STANDARD OF REVIEW

Under 42 U.S.C. Section 405(g):

Any individual, after any final decision of the Commissioner of Social Security made after a hearing to which he was a party... may obtain a review of such decision by a civil action... The court shall have the power to enter... a judgment affirming, modifying, or reversing the decision of the Commissioner of Social Security, with or without remanding the cause for a rehearing. The findings of the Commissioner of Social Security as to any fact, if supported by substantial evidence, shall be conclusive....

42 U.S.C. § 405(g) (emphasis added); see Boyes v. Sec'y of Health and Human Servs., 46 F.3d 510, 511-12 (6th Cir. 1994). "Substantial evidence is defined as such relevant evidence as a reasonable mind might accept as adequate to support a conclusion.'" Abbott v. Sullivan, 905 F.2d 918, 922-23 (6th Cir. 1990) (quoting Richardson v. Perales, 402 U.S. 389, 401 (1971)). The Commissioner's findings are not subject to reversal because substantial evidence exists in the record to support a different conclusion. Mullen v. Brown, 800 F.2d 535, 545 (6th Cir. 1986) (citing Baker v. Kechler, 730 F.2d 1147, 1150 (8th Cir. 1984)). If the Commissioner's decision is supported by substantial evidence, a reviewing court must affirm. Studaway v. Sec'y of Health and Human Servs., 815 F.2d 1074, 1076 (6th Cir. 1987).

The court reviews de novo the parts of an R&R to which a party objects. See Fed.R.Civ.P. 72(b); Thomas v. Halter, 131 F.Supp.2d 942, 944 (E.D. Mich. 2001). However, the Court "is not required to articulate all the reasons it rejects a party's objections." Id. Moreover, "a claim raised for the first time in objections to a magistrate judge's report is deemed waived." Swain v. Comm'r Soc. Sec'y, 379 F.Appx. 512, 517-18 (6th Cir. 2010) (internal quotation marks and citations omitted); see also Roberts v. Apfel, 222 F.3d 466, 470 (8th Cir. 2000) ("[A] claimant must present all his claims squarely to the magistrate judge, that is, the first adversarial forum, to preserve them for review. To hold otherwise would allow a claimant to raise new claims to the district court and thus effectively have two opportunities for judicial review.")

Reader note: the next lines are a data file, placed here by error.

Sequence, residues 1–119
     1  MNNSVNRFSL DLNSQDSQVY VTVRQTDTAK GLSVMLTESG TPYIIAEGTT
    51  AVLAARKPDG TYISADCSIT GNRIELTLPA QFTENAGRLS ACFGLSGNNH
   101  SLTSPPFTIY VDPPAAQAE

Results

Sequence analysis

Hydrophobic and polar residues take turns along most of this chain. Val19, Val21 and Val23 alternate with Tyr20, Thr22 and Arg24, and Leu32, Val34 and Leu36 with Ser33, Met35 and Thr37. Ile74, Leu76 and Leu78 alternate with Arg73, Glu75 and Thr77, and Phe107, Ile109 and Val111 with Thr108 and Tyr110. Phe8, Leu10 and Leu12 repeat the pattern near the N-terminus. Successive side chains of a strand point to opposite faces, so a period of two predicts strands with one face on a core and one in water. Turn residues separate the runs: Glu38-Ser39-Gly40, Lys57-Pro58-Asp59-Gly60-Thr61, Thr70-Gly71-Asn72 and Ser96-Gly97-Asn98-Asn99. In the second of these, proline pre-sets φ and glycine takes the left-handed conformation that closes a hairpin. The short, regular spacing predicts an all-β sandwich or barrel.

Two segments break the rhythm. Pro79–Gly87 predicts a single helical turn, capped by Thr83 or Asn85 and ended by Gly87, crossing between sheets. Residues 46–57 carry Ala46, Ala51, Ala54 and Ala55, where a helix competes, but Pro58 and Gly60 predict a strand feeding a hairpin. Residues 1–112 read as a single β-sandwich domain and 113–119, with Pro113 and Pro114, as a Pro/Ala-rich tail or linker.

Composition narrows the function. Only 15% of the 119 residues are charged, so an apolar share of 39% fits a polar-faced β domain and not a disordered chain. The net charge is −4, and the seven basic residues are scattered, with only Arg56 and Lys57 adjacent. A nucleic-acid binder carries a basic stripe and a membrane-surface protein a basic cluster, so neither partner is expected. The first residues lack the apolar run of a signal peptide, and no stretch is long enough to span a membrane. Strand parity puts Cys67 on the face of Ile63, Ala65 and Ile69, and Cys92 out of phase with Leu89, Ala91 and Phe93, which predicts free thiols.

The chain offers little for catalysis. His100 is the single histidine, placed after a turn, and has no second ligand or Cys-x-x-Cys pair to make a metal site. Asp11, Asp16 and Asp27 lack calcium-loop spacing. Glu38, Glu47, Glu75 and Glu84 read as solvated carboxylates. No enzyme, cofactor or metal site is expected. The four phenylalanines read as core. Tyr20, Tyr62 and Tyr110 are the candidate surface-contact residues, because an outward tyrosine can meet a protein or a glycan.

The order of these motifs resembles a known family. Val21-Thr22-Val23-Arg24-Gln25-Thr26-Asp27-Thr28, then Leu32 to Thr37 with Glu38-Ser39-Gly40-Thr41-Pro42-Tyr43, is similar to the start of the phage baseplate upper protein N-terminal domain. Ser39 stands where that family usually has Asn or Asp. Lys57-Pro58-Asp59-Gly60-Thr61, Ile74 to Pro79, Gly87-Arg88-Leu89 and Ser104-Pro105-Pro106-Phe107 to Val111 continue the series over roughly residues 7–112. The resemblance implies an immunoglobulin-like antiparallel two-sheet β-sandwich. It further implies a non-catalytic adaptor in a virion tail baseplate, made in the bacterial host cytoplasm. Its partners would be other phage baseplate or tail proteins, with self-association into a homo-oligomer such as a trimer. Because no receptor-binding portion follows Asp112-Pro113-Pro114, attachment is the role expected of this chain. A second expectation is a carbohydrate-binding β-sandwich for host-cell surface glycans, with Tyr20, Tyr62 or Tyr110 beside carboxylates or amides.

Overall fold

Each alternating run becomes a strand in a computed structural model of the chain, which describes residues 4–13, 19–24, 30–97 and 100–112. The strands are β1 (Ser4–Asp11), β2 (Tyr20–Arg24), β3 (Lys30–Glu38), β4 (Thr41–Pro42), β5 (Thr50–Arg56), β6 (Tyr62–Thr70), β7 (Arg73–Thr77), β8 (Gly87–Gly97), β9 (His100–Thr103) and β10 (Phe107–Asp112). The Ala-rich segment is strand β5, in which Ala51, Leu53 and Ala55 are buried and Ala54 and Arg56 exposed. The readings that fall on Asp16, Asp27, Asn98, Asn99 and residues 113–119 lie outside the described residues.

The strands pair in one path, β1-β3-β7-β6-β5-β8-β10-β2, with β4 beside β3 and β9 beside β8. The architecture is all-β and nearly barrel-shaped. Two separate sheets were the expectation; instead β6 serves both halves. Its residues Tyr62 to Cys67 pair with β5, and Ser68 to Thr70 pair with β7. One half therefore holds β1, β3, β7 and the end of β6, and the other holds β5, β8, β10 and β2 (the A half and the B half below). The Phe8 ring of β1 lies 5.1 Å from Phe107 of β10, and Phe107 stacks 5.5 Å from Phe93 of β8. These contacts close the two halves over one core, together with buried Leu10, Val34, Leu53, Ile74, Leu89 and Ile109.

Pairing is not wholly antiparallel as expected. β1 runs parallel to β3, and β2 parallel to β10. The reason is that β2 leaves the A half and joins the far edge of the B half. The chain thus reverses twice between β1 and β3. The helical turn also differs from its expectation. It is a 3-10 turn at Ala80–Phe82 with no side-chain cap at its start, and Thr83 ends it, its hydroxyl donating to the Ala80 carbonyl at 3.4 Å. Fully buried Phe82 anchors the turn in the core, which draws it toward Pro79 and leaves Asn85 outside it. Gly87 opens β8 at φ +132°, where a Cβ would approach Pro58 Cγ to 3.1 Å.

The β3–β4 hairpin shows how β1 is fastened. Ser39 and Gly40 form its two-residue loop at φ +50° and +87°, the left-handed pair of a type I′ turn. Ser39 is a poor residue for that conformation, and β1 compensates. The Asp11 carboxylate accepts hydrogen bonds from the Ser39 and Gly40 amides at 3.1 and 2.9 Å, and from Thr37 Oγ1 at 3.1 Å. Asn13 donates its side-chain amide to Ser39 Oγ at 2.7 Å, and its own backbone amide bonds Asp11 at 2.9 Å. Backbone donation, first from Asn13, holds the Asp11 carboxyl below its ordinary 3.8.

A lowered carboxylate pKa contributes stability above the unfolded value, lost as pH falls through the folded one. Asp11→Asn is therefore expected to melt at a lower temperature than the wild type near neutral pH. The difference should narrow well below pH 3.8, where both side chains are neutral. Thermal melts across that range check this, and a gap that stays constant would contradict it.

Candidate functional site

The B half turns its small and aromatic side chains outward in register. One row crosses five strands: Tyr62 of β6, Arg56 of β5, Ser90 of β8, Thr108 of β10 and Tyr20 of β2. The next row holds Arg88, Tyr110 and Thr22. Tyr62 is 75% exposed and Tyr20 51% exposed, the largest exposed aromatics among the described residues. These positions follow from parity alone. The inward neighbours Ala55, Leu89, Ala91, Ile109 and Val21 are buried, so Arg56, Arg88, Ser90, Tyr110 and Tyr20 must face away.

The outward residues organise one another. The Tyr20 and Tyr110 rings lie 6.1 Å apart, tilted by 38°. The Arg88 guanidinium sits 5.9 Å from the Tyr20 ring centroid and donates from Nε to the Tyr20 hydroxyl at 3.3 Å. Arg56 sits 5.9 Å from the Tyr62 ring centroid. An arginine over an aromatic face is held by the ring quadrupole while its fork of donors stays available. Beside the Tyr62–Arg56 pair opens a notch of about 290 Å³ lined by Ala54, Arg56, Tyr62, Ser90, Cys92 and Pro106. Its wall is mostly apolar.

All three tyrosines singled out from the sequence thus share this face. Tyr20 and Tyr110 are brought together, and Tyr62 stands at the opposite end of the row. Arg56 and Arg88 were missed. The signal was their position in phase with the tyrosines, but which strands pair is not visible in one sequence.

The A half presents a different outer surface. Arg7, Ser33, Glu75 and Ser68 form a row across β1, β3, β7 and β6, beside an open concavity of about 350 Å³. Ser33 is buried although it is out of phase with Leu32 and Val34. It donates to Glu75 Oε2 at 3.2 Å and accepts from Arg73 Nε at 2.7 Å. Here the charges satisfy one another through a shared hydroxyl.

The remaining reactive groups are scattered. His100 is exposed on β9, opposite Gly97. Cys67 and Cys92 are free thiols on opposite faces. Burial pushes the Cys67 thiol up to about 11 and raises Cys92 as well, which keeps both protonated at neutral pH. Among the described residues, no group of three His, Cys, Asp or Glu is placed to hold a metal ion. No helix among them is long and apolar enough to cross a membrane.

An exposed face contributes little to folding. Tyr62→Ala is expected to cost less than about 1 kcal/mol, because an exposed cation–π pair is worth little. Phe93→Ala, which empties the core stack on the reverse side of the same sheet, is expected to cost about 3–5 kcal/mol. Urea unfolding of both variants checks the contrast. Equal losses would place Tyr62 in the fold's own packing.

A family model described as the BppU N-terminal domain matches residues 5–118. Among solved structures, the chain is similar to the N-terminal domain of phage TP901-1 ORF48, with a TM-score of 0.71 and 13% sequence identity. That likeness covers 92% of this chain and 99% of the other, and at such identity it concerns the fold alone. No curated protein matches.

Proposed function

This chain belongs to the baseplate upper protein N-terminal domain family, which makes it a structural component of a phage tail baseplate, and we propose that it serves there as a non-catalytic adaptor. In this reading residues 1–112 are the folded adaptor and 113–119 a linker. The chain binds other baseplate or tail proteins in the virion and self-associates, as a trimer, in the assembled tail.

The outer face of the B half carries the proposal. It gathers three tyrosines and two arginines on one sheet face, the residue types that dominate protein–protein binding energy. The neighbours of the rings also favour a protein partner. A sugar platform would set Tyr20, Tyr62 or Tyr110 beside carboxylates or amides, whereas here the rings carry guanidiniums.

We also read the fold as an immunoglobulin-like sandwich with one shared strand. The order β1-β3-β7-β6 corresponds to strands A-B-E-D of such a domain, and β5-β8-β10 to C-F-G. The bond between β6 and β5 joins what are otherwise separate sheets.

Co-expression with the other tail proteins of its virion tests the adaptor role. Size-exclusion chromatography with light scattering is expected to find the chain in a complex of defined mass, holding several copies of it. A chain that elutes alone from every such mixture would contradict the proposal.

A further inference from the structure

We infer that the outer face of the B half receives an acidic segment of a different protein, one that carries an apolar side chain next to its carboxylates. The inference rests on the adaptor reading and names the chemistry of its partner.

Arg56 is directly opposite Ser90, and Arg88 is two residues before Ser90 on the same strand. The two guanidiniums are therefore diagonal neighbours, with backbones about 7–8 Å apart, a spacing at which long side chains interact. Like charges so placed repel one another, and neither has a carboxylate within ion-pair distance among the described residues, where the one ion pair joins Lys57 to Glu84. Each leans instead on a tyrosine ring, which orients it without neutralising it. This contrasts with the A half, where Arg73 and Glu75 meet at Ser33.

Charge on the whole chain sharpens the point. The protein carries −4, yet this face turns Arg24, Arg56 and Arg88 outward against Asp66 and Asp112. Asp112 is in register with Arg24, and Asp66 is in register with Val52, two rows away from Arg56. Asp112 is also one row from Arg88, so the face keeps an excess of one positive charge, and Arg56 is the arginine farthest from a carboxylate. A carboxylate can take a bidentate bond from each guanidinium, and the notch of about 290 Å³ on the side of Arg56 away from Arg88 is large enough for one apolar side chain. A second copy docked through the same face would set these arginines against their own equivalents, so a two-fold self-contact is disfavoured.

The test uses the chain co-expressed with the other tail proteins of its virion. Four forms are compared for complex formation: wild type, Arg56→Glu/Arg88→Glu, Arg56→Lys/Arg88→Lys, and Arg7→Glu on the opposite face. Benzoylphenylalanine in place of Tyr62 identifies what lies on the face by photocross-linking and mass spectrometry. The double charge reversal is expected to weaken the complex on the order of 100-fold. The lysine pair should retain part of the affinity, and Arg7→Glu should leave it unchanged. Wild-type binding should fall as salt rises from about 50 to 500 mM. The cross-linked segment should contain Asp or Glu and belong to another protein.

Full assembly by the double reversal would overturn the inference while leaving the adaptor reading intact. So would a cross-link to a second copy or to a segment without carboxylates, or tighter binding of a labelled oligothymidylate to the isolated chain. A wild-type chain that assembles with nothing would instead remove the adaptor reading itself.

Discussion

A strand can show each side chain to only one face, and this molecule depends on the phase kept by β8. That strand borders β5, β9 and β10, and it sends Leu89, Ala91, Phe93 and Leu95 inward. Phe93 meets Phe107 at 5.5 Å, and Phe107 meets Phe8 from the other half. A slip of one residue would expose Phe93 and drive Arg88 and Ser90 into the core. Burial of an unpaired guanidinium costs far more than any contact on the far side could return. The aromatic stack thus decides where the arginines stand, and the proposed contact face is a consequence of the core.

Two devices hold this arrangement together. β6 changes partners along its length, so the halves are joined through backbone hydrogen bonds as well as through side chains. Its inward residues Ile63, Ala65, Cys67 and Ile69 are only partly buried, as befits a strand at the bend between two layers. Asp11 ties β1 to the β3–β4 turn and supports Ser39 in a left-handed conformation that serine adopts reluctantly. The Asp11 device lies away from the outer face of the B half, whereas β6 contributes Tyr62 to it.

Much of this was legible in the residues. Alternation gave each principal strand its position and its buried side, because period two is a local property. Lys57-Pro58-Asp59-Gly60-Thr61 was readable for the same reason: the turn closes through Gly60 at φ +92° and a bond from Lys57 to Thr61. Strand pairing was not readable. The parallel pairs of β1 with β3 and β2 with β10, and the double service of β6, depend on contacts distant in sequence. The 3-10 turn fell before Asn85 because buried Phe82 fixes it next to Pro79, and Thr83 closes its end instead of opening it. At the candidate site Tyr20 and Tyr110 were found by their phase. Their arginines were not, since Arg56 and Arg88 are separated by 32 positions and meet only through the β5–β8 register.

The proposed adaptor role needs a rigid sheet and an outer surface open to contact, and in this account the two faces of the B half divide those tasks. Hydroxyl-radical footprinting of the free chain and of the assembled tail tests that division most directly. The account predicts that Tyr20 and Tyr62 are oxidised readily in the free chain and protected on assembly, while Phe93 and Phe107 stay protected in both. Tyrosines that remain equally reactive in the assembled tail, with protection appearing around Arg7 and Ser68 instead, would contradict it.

ANALYSIS

An ALJ considering a disability claim is required to follow a five-step process to evaluate the claim. 20 C.F.R. § 404.1520(a)(4). If the ALJ determines that the claimant is disabled or not disabled at a step, the ALJ makes his or her decision and does not proceed further. Id. However, if the ALJ does not find that the claimant is disabled or not disabled at a step, the ALJ must proceed to the next step. Id. "The burden of proof is on the claimant through the first four steps... If the analysis reaches the fifth step without a finding that the claimant is not disabled, the burden transfers to the [defendant]." Preslar v. Sec'y of Health and Human Servs., 14 F.3d 1107, 1110 (6th Cir. 1994); see also Bowen v. Yuckert, 482 U.S. 137, 146 n.5 (1987).

The ALJ's five-step sequential process is as follows:

1. At the first step, the ALJ considers whether the claimant is currently engaged in substantial gainful activity. 20 ...